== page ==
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May 1944

ASCORBIC ACID, RIBOFLAVIN AND THIAMINE CONTENT OF COW'S MILK: INFLUENCE OF THE RATION

Author Affiliations

AMHERST, MASS.

Am J Dis Child. 1944;67(5):376-381. doi:10.1001/archpedi.1944.02020050038007
Abstract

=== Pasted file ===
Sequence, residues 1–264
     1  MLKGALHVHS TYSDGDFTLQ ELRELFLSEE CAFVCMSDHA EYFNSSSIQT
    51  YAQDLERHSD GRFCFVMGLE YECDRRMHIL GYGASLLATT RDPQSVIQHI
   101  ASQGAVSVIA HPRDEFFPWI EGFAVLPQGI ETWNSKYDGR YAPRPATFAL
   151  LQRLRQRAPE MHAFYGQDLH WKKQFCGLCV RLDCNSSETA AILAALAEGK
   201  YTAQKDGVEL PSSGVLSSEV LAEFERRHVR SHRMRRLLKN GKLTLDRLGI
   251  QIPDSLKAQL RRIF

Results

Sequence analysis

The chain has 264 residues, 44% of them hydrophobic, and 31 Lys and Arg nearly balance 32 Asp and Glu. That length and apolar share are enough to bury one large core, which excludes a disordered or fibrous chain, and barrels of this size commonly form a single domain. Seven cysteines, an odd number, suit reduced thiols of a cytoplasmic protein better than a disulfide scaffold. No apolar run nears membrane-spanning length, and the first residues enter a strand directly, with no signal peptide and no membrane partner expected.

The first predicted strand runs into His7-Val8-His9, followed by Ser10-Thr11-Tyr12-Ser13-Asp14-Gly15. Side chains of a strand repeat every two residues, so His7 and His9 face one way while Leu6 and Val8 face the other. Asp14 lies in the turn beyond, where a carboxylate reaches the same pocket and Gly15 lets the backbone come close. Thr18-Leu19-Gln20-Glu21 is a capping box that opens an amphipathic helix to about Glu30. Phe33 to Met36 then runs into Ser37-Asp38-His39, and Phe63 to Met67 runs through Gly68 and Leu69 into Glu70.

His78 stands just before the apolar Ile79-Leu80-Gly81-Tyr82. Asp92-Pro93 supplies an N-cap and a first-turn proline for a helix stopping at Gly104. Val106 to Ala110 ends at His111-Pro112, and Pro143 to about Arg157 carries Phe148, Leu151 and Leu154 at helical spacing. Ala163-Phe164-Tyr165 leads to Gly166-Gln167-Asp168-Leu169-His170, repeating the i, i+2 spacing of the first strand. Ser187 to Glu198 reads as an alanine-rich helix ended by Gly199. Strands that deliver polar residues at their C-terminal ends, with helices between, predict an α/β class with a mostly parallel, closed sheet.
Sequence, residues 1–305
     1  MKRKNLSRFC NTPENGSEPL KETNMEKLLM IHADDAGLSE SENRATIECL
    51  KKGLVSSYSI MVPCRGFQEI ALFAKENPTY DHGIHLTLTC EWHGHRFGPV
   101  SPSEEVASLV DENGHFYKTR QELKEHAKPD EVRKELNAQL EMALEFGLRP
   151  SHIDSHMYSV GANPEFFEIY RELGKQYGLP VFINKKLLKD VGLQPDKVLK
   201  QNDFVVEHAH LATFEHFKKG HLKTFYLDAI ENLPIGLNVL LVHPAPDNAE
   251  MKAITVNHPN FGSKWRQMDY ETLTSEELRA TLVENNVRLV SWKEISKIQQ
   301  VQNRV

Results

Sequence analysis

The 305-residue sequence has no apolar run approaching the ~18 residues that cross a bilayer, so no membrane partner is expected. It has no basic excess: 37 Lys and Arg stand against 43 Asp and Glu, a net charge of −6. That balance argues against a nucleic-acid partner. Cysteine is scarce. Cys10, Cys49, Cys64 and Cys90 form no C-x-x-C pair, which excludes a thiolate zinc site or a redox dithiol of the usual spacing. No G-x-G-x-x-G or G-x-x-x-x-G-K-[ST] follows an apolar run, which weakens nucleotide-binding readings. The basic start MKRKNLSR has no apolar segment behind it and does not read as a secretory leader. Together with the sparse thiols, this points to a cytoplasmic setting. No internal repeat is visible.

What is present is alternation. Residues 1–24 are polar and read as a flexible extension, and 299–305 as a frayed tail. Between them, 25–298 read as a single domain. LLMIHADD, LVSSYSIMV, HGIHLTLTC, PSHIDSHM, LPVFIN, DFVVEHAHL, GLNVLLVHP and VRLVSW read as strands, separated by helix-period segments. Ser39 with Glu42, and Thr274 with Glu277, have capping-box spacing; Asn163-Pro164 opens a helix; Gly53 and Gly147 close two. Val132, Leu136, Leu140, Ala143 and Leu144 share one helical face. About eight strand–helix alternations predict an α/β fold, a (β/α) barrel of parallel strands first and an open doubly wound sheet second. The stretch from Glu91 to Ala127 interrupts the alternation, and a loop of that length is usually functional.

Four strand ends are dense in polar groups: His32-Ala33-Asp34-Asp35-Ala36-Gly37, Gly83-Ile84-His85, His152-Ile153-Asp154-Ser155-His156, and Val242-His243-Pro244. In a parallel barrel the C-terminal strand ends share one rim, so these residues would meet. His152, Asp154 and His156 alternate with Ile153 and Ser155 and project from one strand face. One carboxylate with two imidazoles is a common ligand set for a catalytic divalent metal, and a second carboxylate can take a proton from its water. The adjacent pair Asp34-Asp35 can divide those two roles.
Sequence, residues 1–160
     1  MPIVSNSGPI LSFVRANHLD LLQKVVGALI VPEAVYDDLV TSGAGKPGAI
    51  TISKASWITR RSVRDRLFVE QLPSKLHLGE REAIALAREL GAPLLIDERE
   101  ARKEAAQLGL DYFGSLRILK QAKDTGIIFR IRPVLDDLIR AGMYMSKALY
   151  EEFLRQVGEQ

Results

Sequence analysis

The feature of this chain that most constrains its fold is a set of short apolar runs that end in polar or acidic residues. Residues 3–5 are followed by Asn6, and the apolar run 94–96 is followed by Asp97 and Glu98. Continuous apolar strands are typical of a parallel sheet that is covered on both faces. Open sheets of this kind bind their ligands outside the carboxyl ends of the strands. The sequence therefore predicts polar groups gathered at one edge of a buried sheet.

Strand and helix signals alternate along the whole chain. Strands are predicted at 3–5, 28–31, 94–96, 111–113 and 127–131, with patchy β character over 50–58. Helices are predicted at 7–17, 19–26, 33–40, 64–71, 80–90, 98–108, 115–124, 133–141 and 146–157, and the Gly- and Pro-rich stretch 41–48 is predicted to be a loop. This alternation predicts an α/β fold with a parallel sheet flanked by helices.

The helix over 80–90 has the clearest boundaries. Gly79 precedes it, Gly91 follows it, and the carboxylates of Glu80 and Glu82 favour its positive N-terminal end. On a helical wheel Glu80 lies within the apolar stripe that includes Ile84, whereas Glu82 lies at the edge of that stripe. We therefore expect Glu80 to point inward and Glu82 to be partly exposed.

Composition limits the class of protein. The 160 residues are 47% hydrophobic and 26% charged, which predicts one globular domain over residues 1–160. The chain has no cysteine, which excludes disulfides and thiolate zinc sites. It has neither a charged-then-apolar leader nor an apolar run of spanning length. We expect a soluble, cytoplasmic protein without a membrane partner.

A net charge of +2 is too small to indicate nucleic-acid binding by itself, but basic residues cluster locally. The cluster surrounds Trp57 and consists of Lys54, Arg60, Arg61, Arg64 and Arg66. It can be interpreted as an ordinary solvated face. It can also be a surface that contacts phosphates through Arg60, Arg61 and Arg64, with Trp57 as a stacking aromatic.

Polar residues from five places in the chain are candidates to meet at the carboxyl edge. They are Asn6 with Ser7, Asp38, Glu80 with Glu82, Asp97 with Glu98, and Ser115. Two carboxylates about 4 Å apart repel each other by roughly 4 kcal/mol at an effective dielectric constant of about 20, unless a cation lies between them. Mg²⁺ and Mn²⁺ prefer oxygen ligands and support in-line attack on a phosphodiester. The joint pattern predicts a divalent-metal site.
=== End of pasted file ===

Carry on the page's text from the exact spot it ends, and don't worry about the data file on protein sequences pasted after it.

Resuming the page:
With the present curtailment of the supply of meat and meat products more reliance must be placed on milk as a protective food in the human diet. The data that have been obtained from numerous investigations of the nutritive value of milk show that it contains protein of high biologic value, fat which can be completely digested and minerals and vitamins that are extremely important in the daily diet, particularly in the diet of small children. Since milk is such an important food, many studies have been made of the factors that influence its nutritive value; and it is generally agreed that under normal conditions changing a cow's ration does not cause any significant changes in the protein, fat and mineral composition of the milk. However, a review of the literature shows that there is lack of agreement regarding the effect of changing a cow's ration on the vitamin content

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